Drivers reminded to share road with horses, riders
With warmer weather encouraging people to use all forms of transportation, drivers in rural areas are reminded to share the road with others: including horses and their riders.
The Ministry of Transportation and Infrastructure (MOTI) reports it is making improvements to its signage to alert road users to use extra caution and be courteous when passing horses and riders in rural areas, as horseback riding can increase in the summer months.
New tabs on the ministry’s horse-and-rider signs will now provide more information about where horses can be expected and will remind drivers and riders to “share the road,” as they do with cyclists and pedestrians, to prevent surprise and promote courtesy and safety for all.
Horses and their riders are recognized road users in the Motor Vehicle Act, but drivers passing through rural areas may not be expecting these travellers or be aware that loud noises (like horns) or passing vehicles can startle horses and trigger unpredictable behaviour, causing risk to riders, animals and drivers, MOTI stated in a May 3 media release.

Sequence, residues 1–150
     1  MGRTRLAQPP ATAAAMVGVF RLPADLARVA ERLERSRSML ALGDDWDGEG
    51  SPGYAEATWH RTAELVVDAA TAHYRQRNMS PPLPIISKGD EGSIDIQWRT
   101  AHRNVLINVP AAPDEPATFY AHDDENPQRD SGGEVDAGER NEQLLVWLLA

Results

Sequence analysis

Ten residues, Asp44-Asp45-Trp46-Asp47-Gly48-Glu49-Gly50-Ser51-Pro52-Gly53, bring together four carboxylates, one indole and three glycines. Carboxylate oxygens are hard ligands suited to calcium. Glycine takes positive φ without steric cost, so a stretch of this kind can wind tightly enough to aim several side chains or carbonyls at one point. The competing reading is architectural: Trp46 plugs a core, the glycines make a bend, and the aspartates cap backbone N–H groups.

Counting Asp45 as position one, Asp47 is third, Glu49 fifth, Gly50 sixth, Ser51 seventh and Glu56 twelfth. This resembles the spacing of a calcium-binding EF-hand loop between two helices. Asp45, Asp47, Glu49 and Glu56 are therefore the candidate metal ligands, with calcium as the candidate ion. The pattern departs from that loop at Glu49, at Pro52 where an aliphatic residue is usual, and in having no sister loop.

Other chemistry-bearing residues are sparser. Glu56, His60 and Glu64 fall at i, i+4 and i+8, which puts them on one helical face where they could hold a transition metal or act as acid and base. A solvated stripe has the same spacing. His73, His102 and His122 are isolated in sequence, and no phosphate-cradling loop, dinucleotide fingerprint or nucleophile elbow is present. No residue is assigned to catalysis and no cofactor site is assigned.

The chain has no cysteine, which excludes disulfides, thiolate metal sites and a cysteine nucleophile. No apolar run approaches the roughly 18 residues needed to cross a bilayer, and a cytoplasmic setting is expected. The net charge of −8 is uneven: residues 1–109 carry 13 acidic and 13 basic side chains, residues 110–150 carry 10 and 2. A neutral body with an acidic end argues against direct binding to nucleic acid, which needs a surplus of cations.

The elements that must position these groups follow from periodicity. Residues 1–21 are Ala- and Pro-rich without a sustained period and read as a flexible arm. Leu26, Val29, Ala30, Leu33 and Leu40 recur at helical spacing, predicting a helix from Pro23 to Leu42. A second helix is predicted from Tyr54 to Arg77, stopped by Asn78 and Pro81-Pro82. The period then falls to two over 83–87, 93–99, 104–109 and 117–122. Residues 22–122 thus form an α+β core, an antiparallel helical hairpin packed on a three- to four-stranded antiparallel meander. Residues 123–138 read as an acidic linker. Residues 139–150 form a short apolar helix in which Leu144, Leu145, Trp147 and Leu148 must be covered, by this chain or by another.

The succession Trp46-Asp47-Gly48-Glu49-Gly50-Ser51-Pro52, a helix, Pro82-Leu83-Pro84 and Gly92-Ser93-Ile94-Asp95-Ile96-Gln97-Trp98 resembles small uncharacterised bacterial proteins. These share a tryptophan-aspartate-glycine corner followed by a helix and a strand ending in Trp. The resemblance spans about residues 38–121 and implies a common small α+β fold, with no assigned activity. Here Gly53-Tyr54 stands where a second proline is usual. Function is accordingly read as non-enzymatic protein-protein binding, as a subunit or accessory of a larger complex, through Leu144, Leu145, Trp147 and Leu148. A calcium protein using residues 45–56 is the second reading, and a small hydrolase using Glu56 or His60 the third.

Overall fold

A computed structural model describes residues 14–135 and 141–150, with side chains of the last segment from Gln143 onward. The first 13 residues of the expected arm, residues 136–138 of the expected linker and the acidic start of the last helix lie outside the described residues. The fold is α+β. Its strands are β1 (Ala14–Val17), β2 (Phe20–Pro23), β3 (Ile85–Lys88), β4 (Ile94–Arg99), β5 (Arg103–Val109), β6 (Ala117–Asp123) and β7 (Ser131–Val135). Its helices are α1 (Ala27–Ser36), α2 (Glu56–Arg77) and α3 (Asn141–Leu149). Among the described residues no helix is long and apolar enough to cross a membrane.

The ministry collaborated with the Horse Council of B.C. regarding improvements to the wording on these signs as well as guidance on placement. The signs are available for any regions that want to improve awareness in areas where horseback riding is popular.
Drivers can watch for signs at the start of any roadway or along narrow or winding roads commonly used for horseback riding. However, even in areas without posted signs, the ministry reminds all travellers to use caution and stay alert for diverse road users.
Drivers are reminded of the following tips when travelling near horses:
* slow down long before getting too close;
* pass at a slower speed and give the horse and rider a wide berth (typically a one-car width);
* brake and accelerate gently to avoid making extra noise or spraying gravel;
* turn off stereos and do not honk, yell or rev the engine;
* if travelling by bicycle, scooter or motorcycle, ride quietly and approach single file;
* if a horse appears agitated, wait for the rider to get it under control before passing; and
* once past the horse and rider, accelerate gradually.
Riders should use caution when travelling on narrow roads or in times of low visibility, such as dusk or dawn. Riders should also wear reflective vests, as well as outfit horses with high-visibility leg bands when possible.
Images courtesy MOTI